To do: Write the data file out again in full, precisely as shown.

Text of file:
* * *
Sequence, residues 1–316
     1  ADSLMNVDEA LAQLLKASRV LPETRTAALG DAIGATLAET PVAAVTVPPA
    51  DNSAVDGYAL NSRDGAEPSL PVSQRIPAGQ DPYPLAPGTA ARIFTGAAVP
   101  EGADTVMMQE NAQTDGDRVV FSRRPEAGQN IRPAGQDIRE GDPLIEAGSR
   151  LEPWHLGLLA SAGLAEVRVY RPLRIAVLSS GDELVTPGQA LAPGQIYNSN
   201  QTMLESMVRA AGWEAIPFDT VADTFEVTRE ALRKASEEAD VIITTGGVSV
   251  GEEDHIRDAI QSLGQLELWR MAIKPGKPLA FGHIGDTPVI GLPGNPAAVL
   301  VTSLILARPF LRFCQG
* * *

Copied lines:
Sequence, residues 1–316
     1  ADSLMNVDEA LAQLLKASRV LPETRTAALG DAIGATLAET PVAAVTVPPA
    51  DNSAVDGYAL NSRDGAEPSL PVSQRIPAGQ DPYPLAPGTA ARIFTGAAVP
   101  EGADTVMMQE NAQTDGDRVV FSRRPEAGQN IRPAGQDIRE GDPLIEAGSR
   151  LEPWHLGLLA SAGLAEVRVY RPLRIAVLSS GDELVTPGQA LAPGQIYNSN
   201  QTMLESMVRA AGWEAIPFDT VADTFEVTRE ALRKASEEAD VIITTGGVSV
   251  GEEDHIRDAI QSLGQLELWR MAIKPGKPLA FGHIGDTPVI GLPGNPAAVL
   301  VTSLILARPF LRFCQG